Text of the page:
The centerpiece of Trump's personal Lost Cause is nursing his grudge, and the collective grudge of his followers, against the "elites" they blame for bringing down the dream. Which involves, of course, whipping up the festering sore of resentment and hate that is the Trump "base." The South used the KKK and later the so-called Citizens Councils. Trump has the Proud Boys and the Oath Keepers. I am certain we're going to learn from the House committee that Trump himself was involved in their deployment on Jan. 6 in the violent assault on the Capitol.
Perhaps the most important way the South promoted its Lost Cause after the Civil War was through electoral and legislative means. The rebellion of Southern states against the Reconstruction laws and the 14th and 15th amendments is instructive. Major figures of the Confederacy took prominent roles in the Democratic Party. The Confederate raider and first Grand Wizard of the KKK, Nathan Bedford Forrest, and other Confederate veterans attended the Democratic convention of 1868 in New York where one of Forrest's friends, Frank Blair Jr., was nominated as the party's candidate for vice president on a ticket with a former governor of New York. Their campaign slogan was "Our Ticket, Our Motto, This Is a White Man's Country; Let White Men Rule." Speeches against emancipation of the slaves given by Blair were said to contribute to Ulysses S. Grant's comfortable electoral victory.
Later, Southern states would virtually nullify the 14th and 15th amendments by passing the Jim Crow laws, stripping Black citizens of the right to vote and consigning them to subservient roles in the Southern economy and society little better than those they had held as slaves. The South separated itself from the rest of the country by its continuing adherence to the doctrines and practices of white supremacy in its legal and social systems.
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Something very similar is going on right now in Republican-controlled states, including all of those that comprised the Confederacy, with state laws being passed to suppress the votes of minorities and gerrymander legislative districts to limit representation by minorities and the Democratic Party in general. It's a kind of legalized second secession by Republican states and the Republican Party, which has remade itself as the Trump Party, parroting Trump's racism and lies about the election and following his lead in Jan. 6 denial.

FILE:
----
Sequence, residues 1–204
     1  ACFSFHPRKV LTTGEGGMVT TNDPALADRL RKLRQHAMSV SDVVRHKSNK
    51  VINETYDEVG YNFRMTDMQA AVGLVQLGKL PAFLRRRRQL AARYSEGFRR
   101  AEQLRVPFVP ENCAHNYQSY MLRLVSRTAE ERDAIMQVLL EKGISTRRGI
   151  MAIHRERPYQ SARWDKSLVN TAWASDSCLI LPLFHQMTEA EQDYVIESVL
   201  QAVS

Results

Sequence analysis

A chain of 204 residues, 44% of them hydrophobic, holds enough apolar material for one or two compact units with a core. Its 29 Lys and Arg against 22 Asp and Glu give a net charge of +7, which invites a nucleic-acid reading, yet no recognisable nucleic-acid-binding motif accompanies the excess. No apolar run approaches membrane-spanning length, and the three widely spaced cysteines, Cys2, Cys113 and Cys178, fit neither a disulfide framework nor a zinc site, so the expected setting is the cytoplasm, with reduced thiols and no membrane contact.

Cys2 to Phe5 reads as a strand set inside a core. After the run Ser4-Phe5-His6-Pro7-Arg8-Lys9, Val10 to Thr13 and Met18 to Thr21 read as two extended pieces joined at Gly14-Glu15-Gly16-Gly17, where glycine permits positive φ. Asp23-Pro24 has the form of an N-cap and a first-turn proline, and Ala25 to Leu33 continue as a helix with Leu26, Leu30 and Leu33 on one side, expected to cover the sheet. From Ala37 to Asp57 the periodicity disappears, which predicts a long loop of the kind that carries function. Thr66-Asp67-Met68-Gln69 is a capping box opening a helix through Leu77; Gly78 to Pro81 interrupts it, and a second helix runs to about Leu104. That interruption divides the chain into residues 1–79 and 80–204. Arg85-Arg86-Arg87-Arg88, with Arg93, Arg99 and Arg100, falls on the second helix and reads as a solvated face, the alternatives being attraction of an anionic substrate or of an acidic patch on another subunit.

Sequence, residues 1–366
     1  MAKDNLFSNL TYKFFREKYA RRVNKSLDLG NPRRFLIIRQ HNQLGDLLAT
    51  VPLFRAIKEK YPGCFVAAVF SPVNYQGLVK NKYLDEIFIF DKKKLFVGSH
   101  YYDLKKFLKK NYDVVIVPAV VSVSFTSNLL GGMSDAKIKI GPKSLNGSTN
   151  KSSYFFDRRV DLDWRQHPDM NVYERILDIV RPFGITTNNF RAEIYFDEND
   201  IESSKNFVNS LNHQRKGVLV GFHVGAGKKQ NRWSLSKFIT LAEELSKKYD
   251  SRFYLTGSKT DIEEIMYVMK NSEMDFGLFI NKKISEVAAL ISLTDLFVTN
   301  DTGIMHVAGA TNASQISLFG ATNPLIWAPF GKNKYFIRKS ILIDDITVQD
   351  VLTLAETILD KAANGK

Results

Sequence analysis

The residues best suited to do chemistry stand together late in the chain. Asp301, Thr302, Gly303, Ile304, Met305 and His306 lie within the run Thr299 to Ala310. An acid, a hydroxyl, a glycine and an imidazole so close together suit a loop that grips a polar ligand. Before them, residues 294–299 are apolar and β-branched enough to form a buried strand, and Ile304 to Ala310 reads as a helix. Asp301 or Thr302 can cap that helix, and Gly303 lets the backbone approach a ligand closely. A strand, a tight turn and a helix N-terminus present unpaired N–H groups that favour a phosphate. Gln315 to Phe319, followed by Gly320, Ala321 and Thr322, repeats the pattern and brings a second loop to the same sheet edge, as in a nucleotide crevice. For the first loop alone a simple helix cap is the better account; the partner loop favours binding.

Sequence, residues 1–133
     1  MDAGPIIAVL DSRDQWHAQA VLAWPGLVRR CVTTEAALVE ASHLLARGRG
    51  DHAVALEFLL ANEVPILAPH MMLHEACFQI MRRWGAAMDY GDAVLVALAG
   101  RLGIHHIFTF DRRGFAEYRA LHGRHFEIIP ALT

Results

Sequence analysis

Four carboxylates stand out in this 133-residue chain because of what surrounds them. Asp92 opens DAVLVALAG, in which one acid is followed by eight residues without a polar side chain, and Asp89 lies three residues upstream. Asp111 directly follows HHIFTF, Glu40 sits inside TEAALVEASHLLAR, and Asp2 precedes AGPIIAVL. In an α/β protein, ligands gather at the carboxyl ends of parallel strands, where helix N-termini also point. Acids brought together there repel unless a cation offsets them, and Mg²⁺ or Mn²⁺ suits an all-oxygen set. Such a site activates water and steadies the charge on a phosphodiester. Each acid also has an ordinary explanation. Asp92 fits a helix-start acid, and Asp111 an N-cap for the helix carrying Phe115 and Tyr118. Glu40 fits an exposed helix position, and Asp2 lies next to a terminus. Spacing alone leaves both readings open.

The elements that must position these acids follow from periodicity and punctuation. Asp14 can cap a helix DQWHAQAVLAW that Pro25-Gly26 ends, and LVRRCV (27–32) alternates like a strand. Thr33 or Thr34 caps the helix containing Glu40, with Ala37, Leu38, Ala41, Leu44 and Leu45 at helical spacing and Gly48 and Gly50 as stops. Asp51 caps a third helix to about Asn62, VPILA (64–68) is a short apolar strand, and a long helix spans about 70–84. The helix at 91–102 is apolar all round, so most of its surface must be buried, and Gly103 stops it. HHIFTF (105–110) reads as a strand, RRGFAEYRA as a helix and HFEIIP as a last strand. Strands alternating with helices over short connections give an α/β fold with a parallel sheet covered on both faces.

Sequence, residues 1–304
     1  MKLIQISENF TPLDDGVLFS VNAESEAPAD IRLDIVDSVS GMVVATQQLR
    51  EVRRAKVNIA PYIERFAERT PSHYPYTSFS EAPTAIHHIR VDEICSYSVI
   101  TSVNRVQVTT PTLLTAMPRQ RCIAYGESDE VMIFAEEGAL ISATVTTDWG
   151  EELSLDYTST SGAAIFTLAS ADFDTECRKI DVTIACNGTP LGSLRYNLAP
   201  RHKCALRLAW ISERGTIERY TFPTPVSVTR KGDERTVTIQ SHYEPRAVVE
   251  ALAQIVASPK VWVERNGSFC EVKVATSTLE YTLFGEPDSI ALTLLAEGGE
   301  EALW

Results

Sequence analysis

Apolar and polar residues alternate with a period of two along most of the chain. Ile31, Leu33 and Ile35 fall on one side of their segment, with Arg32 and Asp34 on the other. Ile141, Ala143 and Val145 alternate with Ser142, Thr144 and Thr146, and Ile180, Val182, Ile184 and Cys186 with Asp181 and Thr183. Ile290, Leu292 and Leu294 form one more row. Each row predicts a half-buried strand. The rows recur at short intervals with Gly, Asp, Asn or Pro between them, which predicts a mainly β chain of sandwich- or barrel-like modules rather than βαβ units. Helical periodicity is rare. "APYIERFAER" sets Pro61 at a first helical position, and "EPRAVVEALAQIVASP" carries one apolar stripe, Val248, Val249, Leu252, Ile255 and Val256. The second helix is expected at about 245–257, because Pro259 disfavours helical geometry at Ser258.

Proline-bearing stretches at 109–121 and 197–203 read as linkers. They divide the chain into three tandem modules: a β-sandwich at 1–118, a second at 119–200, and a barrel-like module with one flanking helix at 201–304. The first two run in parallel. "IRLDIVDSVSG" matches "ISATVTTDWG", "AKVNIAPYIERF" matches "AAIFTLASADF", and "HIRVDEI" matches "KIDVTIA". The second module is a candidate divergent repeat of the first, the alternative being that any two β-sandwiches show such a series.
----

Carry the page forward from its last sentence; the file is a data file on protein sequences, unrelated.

The words constitutional crisis and slow-motion Civil War have entered the lexicon. Former Republican writers like David Frum, Robert Kagan, Charlie Sykes, David Brock and Max Boot are all over the op-ed pages, warning that Trump and his allies are preparing to "ensure victory by any means necessary."
"The stage is thus being set for chaos," Robert Kaplan wrote recently in a widely shared op-ed in the Washington Post. "Partisans on both sides are likely to be better armed and more willing to inflict harm than they were in 2020. Would governors call out the National Guard? Would President Biden nationalize the Guard and place it under his control, invoke the Insurrection Act, and send troops into Pennsylvania or Texas or Wisconsin to quell violent protests? Deploying federal power in the states would be decried as tyranny. Biden would find himself where other presidents have been — where Andrew Jackson was during the nullification crisis, or where Abraham Lincoln was after the South seceded — navigating without rules or precedents, making his own judgments about what constitutional powers he does and doesn't have."
Donald Trump had to be handed a loss in 2020 in order to begin championing his new Lost Cause. There won't be another one. If he runs and wins in 2024, we will not recognize the smoking ruins left by a second Trump victory. It won't take them long to begin erecting statues to Steve Bannon and Tucker Carlson and renaming public squares after the "Great Replacement." The only question is, what will the Daughters of the New Confederacy call themselves? The Mistresses of Mar-a-Lago?
More on the Republican Party's efforts to reanimate the Confederacy:
- Robert E. Lee and the Trumpists: Why a Confederate "hero" is still important
- Was the Confederacy really defeated? Why America can't stop fighting the Civil War
- The Confederate mystique: White America's toxic romance with a criminal regime